Solution: Using tally-marks, we have:
|Pet-animal||Tally marks||Frequency [Number of students]|
Question. Study the following frequency distribution table and answer the questions given below.
Frequency distribution of daily income of 550 workers of a factory
Class interval (daily income in rupees)
Frequency (Number of workers)
(i) What is the size of the class intervals?
(ii) Which class has the highest frequency?
(iii) Which class has the lowest frequency?
(iv) What is the upper limit of the class interval 250–275?
(v) Which two classes have the same frequency?
(i) Class size = [Upper class limit] – [Lower class limit] = 125 – 100 = 25.
(ii) The class 200–225 is having the highest frequency (which is 140).
(iii) The class 300–325 is having the lowest frequency (which is 20).
(iv) The upper limit of the class interval 250–275 is 275.
(v) The classes (150–175) and (225–250) are having the same frequency (which is 55).
Question 2. Construct a frequency distribution table for the data on weights (in kg) of 20 students of a class using intervals 30–35, 35–40 and so on.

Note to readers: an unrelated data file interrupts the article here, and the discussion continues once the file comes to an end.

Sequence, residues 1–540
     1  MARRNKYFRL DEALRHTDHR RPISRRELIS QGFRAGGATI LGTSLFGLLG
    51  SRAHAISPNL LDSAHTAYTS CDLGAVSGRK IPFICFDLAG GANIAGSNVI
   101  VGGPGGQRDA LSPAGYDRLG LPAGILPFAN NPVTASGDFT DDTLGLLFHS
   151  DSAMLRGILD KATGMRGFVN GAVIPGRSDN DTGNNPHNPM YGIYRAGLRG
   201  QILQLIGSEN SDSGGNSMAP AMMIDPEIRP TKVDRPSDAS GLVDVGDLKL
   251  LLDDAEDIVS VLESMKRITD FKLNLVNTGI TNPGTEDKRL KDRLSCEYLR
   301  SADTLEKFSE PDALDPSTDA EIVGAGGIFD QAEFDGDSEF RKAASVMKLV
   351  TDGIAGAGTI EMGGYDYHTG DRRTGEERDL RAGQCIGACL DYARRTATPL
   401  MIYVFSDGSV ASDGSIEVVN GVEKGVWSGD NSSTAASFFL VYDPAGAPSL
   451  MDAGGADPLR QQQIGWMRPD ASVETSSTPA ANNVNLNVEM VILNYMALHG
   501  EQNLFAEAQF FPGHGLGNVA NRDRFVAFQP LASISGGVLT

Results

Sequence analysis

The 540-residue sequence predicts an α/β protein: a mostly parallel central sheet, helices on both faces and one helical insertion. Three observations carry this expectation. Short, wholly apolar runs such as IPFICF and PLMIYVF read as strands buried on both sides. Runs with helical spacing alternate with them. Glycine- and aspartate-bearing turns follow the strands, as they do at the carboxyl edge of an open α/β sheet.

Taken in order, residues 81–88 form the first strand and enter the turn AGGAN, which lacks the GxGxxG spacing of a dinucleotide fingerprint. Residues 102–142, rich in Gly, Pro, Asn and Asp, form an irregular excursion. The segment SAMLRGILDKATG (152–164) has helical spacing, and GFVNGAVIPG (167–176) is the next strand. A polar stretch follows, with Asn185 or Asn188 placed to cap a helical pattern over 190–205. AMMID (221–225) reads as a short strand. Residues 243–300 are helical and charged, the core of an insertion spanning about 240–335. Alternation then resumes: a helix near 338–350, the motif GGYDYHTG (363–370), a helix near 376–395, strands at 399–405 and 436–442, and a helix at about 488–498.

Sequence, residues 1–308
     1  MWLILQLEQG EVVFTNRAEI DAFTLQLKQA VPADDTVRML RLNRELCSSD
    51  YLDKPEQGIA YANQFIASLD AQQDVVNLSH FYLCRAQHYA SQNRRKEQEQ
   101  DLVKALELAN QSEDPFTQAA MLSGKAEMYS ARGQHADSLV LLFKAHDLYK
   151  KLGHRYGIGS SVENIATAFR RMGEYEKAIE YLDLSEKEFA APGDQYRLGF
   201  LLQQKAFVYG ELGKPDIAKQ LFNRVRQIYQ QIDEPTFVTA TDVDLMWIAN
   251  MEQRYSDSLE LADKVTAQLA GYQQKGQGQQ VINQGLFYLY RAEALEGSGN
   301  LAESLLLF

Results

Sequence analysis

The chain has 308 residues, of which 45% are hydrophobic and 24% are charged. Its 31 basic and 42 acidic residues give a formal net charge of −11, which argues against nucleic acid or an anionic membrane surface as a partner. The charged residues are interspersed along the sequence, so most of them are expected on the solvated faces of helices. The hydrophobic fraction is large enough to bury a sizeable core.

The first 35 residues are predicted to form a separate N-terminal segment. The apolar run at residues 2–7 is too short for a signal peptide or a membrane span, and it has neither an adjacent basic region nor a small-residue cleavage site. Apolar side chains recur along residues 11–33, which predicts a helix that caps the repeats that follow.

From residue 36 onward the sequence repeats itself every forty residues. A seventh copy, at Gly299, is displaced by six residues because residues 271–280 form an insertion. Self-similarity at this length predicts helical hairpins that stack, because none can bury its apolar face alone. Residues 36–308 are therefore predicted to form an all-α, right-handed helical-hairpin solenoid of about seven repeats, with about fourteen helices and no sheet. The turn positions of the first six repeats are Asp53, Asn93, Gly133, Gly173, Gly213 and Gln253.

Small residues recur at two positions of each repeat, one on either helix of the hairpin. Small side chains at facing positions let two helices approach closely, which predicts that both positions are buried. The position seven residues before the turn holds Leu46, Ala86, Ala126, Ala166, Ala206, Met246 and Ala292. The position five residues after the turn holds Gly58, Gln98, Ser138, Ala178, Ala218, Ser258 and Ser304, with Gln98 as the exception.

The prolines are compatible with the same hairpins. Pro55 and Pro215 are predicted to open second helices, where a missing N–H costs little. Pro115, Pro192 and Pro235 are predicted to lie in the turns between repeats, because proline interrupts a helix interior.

Solution: Lowest observation = 31
Highest observation = 65
Class intervals: 30–35, 35–40, 40–45,...
The frequency distribution table for the above data can be:
|Group (class intervals)||Tally marks||Frequency (Number of students)|
Question. Observe the histogram figure and answer the questions given below:
(i) What information is being given by the histogram?
(ii) Which group contains maximum girls?
(iii) How many girls have a height of 145 cm and more?
(iv) If we divide the girls into the following three categories, how many would there be in each?
150 cm and more—Group A
140 cm to less than 150 cm—Group B
Lest than 40 cm—Group C
(i) The above histogram represents the heights (in cms) of girls of Class VIII.
(ii) The group 140–145 contains maximum number of girls (which has as much as 7 girls).
(iii) 7 girls (= 4 + 2 + 1) have a height of 145 cm and more.
(iv) Number of girls in
Group A: 150 cm and more = 2 + 1 = 3 girls